It may be a comedy, but 22 Jump Street ramps up the action and effects to feature truck chases, huge crowds, a helicopter crash and even an unexpected octopus encounter. fxguide talks to visual effects supervisor Edwin Rivera about some of the work that made up the 600-odd VFX shots in the Phil Lord and Christopher Miller sequel.
Morton Schmidt (Jonah Hill) and Greg Jenko (Channing Tatum) return from their successful 21 Jump Street programme to pursue a group of drug dealers. But their efforts to infiltrate the gang fail and result in a wayward port-side truck chase in which the duo ride atop a tractor-trailer.
Production filmed background plates and second unit stunts at the port of New Orleans, with additional shots captured on greenscreen. “Given the nature of the sequence,” explains Rivera, “we couldn’t have Jonah strapped to the top of a tractor-trailer going 50 miles an hour and getting hit and bounced around. So we shot that on a greenscreen that was about 120 feet wide by about 40 feet high on an exterior stage in New Orleans.”On-set for the truck sequence.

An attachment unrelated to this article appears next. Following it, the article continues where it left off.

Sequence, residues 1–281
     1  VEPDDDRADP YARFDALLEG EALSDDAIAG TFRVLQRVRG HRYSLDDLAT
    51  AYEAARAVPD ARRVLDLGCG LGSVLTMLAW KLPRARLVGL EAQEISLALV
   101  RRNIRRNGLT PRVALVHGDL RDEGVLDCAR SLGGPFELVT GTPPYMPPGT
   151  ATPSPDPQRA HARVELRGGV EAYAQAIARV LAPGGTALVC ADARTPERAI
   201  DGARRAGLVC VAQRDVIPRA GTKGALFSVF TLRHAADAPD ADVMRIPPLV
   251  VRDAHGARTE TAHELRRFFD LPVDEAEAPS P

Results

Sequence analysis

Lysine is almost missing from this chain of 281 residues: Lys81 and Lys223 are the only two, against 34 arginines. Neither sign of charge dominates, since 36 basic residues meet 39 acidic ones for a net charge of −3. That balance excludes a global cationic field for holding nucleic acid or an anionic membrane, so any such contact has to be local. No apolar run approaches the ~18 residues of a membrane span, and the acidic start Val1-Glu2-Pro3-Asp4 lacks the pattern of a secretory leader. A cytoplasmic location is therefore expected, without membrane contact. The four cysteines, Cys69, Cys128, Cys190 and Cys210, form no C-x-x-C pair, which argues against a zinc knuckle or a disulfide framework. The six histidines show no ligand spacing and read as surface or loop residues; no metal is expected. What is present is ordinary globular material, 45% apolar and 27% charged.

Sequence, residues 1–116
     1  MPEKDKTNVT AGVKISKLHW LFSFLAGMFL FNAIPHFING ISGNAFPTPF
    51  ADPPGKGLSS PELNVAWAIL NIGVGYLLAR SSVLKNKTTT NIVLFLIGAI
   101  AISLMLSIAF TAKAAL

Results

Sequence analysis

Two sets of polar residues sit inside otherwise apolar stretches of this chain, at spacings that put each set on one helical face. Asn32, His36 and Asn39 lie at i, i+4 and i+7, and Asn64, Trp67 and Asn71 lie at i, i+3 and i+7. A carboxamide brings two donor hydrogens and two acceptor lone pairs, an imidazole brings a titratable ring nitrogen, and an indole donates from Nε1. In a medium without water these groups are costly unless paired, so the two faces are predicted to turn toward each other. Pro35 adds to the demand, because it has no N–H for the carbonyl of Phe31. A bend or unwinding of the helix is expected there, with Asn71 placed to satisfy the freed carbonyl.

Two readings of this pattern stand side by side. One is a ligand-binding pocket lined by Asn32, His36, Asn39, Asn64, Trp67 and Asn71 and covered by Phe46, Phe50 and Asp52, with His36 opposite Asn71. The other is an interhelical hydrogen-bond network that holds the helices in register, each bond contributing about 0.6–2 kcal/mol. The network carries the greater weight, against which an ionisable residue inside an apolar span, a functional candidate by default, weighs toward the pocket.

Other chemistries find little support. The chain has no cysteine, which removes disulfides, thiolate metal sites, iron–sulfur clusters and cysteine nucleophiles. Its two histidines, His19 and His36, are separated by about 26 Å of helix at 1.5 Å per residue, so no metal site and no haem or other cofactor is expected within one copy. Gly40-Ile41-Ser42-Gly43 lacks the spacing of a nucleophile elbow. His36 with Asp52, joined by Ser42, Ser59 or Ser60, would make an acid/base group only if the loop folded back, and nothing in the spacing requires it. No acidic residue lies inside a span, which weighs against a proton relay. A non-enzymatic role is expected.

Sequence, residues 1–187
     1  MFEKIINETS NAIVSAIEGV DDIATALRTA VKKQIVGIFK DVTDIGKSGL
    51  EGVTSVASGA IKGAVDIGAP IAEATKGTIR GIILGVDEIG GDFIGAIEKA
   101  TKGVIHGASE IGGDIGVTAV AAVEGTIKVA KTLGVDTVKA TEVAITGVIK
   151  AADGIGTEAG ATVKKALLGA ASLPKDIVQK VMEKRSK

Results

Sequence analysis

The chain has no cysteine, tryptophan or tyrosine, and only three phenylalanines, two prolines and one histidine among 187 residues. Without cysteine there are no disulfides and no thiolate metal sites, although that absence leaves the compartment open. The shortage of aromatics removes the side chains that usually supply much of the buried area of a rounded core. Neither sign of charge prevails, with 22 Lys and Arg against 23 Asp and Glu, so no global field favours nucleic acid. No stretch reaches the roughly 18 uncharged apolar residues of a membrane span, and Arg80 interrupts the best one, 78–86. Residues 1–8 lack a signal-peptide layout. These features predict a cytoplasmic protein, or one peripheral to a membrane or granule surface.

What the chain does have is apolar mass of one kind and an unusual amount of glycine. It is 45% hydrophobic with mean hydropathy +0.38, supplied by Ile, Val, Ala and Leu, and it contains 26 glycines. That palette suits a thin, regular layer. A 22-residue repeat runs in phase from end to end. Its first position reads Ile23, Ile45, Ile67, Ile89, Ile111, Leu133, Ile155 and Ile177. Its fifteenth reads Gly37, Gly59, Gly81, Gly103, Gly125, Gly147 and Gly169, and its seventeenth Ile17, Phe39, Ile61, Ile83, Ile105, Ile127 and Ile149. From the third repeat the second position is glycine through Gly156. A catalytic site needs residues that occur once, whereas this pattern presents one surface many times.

The truck was rigged by special effects supervisor Matt Kutcher on a gimbal so that it could be rotated to any angle that would match what had been shot on location. Pixel Magic then undertook compositing duties to integrate those actor plates into the scenes, also adding in a CG gantry crane, CG netting and CG windshield cracks on the truck. For an earlier sequence, Pixel Magic even augmented a practical octopus with CG tentacles in a scene that sets off the truck pursuit.
Schmidt and Jenko then head to college in an attempt to find the source of a new drug called ‘WHYPHY’. Here, Jenko is soon recruited into the college football team. For shots of vast crowds at football games, Rivera utilized between 250 and 500 extras sitting in a stand to extend the spectators to around 20,000 screaming fans. “They were two and a half D crowds created by Shade VFX,” says Rivera. “We shot about 54 different people from four different camera angles going through the exact same emotions timed at the exact same moments, and used that to procedurally populate the stands.”Watch some of the on-set filming action for a football match.